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Scientists have never found convincing evidence for a supersolid—a crystal with superfluid properties. Now researchers have studied pure solid helium in a setup a few hundreths of a degree above absolute zero temperature without any supporting superfluid. They detect clear signs of superfluidlike mass flow under pressure. Further study is needed to determine if this state is really a supersolid.
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When a pair of black holes spiral into each other, the gravitational waves they emit preferentially in one direction can make them recoil in the other direction. This recoil in turn Doppler shifts the gravitational waves, like the sound from a passing train, which should be detectable in the future.
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Pierre Meystre of the University of Arizona has been appointed editor in chief of APS's Physical Review research journals.
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LIGO detects gravitational waves for the second time, from another pair of merging black holes. This time they were smaller and provided a longer-duration signal of their final moments. Two events within four months suggests that such detections will soon be giving astronomers a wealth of new information about previously invisible events in the Universe.
LIGO has detected a second burst of gravitational waves from merging black holes, suggesting that such detections will soon become routine and part of a new kind of astronomy.
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After Feynman proposed quantum computing in 1981, some thought it could never work because quantum bits (qubits) would be too easily disturbed by the environment. Then in the mid-90s two physicists came up with schemes to correct qubit errors that could creep in. Today quantum error correction is thought to be essential for any future large-scale quantum computer.
In the mid-1990s, theorists devised methods to preserve the integrity of quantum bits—techniques that may become the key to practical quantum computing on a large scale.
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Forget bungee jumping—a pair of masses on board the LISA Pathfinder spacecraft experienced the purest free fall ever produced by humans. In the process, they demonstrated technology needed for LISA, the space-based gravitational wave detector to be launched in the 2030s. Read LIGO Exec. Director David Reitze's commentary in Physics.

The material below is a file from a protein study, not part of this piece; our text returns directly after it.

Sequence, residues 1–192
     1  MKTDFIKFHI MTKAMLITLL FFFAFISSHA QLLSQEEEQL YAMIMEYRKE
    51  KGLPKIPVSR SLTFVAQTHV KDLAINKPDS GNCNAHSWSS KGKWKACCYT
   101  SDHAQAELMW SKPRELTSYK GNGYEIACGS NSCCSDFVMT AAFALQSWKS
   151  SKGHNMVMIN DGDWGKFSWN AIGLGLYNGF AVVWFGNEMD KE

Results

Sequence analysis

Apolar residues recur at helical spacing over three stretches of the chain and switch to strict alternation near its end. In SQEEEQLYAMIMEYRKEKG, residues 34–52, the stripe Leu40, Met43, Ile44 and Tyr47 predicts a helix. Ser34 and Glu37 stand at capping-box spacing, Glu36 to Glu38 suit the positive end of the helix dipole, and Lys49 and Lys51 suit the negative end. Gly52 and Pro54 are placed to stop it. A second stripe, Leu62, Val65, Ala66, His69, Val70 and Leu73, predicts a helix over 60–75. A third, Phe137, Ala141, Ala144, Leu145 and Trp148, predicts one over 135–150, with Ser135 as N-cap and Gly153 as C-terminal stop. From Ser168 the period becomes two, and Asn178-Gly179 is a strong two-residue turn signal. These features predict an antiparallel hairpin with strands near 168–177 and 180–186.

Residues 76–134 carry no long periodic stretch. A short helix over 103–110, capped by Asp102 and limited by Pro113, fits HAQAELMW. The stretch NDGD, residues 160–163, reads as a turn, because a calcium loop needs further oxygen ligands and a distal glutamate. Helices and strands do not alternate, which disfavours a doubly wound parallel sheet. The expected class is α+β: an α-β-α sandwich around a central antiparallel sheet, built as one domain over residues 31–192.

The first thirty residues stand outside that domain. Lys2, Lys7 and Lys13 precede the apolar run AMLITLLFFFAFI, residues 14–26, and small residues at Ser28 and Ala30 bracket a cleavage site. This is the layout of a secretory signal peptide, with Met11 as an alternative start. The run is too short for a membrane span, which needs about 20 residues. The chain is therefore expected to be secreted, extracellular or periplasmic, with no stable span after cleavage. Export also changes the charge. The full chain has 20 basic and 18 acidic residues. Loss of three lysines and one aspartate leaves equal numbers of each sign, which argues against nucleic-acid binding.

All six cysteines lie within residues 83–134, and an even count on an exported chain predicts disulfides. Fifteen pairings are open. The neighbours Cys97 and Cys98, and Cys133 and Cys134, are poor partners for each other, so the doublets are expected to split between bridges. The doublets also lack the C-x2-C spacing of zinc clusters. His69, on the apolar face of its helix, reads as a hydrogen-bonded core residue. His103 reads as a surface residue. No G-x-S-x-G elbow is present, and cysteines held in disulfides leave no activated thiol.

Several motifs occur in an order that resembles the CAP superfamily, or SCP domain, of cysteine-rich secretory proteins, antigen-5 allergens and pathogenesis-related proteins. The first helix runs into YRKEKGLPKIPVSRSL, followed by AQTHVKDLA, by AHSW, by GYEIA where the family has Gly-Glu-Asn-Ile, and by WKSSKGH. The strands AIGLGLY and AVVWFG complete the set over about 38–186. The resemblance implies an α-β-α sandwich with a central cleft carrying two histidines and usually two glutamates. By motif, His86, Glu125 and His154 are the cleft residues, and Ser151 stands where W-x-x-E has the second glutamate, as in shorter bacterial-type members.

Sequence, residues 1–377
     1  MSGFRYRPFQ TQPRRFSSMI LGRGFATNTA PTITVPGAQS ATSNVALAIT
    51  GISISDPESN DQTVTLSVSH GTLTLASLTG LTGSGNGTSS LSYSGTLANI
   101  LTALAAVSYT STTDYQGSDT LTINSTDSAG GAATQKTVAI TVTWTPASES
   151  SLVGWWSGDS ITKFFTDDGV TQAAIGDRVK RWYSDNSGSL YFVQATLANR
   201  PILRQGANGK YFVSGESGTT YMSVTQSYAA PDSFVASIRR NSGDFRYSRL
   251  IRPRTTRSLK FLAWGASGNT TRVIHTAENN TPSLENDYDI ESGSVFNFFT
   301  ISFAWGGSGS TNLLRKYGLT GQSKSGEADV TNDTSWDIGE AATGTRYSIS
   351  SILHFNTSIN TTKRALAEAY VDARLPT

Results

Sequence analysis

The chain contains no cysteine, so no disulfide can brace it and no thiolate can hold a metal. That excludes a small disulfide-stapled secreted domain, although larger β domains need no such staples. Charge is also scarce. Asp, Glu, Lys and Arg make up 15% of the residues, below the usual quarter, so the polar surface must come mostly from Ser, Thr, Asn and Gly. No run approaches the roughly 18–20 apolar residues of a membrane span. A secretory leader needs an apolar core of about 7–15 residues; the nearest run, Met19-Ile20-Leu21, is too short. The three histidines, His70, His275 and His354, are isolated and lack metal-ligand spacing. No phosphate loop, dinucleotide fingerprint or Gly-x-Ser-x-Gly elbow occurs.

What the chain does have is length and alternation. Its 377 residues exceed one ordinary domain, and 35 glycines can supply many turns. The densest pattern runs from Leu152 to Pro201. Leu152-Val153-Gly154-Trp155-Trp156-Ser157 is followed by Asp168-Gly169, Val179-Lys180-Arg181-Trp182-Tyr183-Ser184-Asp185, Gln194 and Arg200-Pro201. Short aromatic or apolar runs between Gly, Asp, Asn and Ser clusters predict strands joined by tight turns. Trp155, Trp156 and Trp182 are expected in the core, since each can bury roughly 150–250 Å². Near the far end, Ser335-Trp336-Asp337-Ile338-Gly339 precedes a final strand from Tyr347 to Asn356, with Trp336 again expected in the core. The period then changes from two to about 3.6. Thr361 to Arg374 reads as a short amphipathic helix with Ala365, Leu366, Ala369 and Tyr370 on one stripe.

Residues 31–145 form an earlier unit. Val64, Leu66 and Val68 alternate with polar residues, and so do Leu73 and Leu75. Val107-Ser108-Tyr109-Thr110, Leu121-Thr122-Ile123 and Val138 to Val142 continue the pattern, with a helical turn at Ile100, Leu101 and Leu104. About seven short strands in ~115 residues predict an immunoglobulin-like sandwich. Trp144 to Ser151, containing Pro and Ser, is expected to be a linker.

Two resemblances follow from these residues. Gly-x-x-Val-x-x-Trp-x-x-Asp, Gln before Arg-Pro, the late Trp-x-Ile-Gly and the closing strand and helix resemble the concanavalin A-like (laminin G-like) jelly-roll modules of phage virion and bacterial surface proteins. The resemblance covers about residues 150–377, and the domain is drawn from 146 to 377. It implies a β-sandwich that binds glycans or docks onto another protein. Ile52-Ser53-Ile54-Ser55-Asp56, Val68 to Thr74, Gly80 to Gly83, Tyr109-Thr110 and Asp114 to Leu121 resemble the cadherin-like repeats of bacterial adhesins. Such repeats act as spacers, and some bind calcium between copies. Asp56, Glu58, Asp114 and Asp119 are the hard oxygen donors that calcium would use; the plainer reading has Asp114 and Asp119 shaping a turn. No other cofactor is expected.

The first results from the LISA Pathfinder mission demonstrate that two test masses can be put in free fall with a relative acceleration sufficiently free of noise to meet the requirements needed for space-based gravitational-wave detection.
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If you heat up one region of a solid and then isolate it, all of the atoms will eventually come to equilibrium at a single temperature. Physicists have demonstrated cases of many-body quantum systems (such as interacting spins) that don't seem to ever equilibrate on their own, and now theorists have proven that such non-equilibration is a true prediction of quantum mechanics, at least for one class of systems, where interactions are short-range.
Theoretical work proves that interacting quantum systems can enter a many-body localized phase in which they cannot reach thermal equilibrium without an external bath.
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When simulating the evolution of a clumpy universe, it's much easier to use Newton's laws as an approximation than to implement the full equations of general relativity. Now two teams have used some of the latest computational techniques to implement fully general relativistic simulations and found some potentially important differences with previous results.
Cosmologists have begun using fully relativistic models to understand the effects of inhomogeneous matter distribution on the evolution of the Universe.
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The 2016 APS General Election is open! APS members can now vote for the 2017 APS vice president, treasurer, chair-elect of the nominating committee, international councilor, and general councilor. Learn more about the candidates and log in to cast your vote on the APS website.
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The Laser Interferometer Gravitational-Wave Observatory (LIGO) and its sister collaboration VIRGO report important properties of the black holes whose merger led to the first direct detection of gravitational waves, including their masses, spins, and location. The paper is open access.
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A collection of 8 articles in Physics describing major results in the field of gravitational waves, from a 1967 claim of discovery to today's result by LISA Pathfinder.
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Congratulations to the LISA Pathfinder team for successfully demonstrating the technology to observe gravitational waves in space. This mission paves the way for the first space-based gravitational wave observatory, scheduled to launch in 2034.
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Have them in circles
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Working to advance and diffuse the knowledge of physics
Introduction
The American Physical Society (APS) is a non-profit membership organization working to advance and diffuse the knowledge of physics through its outstanding research journals, scientific meetings, and education, outreach, advocacy and international activities. APS represents more than 50,000 members, including physicists in academia, national laboratories and industry in the United States and throughout the world. Society offices are located in College Park, Maryland (Headquarters), Ridge, New York, and Washington, DC.